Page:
Summary: The chart demonstrates the variation in welfare spending under each successive UK government. Overall the chart shows a trend of decreasing number or JSA claimants, with spikes in periods of recession. This is loosely tracked by overall welfare spending except during the period of Labour rule between 1997 and 2010.
What does the chart show? The black line represents total government spending on welfare as a percentage of GDP. This represents the total welfare bill including pensions, child tax credits and Job Seekers Allowance. The green bars show the average monthly number of Job Seekers Allowance claimants in thousands. The areas with blue background denote periods of Conservative government, red denotes Labour government and the orange are represents the 5 years during which the UK was ruled by the coalition of Conservatives and Liberal Democrats. For the years prior to the creation of Job Seekers Allowance, the ONS has estimated the number of eligible individuals.
Why is the chart interesting? The chart shows that, contrary to what one might expect, there is no consistent pattern of increased welfare spending prior to elections, with the exception of the last couple of years under Gordon Brown. This coincided, however, with the global financial crisis, causing a contraction in GDP and increased joblessness, which can be seen in the sharp rise in the percentage of GDP spent on benefits. The overall correlation between number of claimants of Job Seekers Allowance and the total welfare spend ceases during Labour rule, however there are several factors that influence this. Tony Blair’s welfare reforms reclassified a large proportion of JSA claimants onto other newly-created benefits such as Employment Support Allowance, a payment for those deemed ‘moderately’ impaired in their ability to find work due to illness or disability. Also demographic changes influenced the number of JSA claimants, particularly the WW2 ‘baby boomers’ moving onto state pensions rather than working benefits.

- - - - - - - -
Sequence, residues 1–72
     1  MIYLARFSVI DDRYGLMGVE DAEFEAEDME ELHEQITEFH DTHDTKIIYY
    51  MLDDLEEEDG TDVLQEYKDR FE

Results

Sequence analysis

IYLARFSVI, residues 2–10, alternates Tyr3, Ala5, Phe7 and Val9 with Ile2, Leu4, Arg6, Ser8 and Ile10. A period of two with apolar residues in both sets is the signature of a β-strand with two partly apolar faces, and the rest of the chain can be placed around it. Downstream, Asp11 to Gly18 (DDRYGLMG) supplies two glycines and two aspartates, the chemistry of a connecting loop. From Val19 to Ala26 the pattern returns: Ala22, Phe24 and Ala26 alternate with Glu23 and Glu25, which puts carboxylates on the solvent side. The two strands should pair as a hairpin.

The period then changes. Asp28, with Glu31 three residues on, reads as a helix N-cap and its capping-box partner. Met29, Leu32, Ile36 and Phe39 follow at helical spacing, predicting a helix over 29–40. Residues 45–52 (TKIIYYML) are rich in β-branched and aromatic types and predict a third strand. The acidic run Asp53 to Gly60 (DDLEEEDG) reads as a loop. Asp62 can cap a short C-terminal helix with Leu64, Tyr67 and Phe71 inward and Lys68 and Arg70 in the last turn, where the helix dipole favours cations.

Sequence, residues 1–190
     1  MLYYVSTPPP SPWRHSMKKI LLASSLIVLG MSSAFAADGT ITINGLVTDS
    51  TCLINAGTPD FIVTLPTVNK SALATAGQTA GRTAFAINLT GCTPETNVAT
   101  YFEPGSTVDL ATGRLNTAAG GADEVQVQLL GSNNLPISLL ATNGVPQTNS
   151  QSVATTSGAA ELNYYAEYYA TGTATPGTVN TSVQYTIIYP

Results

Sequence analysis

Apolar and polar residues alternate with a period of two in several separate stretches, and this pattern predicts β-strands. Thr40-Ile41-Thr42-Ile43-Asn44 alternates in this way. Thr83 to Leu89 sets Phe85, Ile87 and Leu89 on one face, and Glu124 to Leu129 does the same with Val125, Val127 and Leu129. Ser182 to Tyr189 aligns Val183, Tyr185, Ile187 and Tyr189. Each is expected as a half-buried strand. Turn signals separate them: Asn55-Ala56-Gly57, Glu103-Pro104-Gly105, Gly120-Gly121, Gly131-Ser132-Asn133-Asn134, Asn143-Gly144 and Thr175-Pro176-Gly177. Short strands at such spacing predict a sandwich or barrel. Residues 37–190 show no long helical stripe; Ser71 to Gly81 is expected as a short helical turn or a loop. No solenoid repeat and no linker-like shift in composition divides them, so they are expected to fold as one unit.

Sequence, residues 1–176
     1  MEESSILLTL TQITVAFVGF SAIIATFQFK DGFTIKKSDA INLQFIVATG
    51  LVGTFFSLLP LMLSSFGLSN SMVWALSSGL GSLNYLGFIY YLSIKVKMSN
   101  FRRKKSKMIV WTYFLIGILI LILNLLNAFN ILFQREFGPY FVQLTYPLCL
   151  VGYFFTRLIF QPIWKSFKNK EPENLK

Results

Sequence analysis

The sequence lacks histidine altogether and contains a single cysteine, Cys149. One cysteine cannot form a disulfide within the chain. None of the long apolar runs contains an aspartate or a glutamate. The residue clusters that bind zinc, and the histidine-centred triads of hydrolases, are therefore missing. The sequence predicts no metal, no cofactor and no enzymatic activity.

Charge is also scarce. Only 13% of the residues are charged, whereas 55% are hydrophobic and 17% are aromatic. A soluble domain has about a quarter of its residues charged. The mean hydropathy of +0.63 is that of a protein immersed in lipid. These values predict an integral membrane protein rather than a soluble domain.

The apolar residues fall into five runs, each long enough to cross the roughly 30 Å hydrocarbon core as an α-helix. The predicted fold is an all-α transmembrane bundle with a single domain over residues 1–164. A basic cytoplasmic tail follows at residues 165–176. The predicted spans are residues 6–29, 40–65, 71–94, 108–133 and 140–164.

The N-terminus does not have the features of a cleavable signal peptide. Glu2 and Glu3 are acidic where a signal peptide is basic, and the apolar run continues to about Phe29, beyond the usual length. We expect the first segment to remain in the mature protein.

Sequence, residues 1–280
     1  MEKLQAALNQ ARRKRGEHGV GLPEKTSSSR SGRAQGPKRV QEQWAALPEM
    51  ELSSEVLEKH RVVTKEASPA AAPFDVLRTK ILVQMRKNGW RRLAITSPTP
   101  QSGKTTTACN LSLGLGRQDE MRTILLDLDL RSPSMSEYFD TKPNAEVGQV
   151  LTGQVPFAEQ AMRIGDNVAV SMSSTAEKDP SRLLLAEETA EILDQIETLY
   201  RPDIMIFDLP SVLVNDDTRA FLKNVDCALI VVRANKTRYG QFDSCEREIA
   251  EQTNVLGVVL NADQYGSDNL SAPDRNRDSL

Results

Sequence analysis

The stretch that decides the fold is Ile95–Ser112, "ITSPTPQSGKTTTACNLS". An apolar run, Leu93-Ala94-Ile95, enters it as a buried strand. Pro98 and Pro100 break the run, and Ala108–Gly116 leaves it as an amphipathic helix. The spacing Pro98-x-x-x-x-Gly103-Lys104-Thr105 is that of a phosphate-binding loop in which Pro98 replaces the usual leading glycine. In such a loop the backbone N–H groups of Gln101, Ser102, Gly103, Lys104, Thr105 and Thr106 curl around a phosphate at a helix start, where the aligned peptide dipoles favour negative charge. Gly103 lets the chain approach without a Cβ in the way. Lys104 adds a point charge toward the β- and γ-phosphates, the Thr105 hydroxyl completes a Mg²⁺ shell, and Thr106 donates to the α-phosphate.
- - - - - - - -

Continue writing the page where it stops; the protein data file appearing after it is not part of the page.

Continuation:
The single biggest factor in this however is our aging population and the resultant increasing pension bill, which is included in the total welfare spend and explains its apparent increase despite overall increase in employment.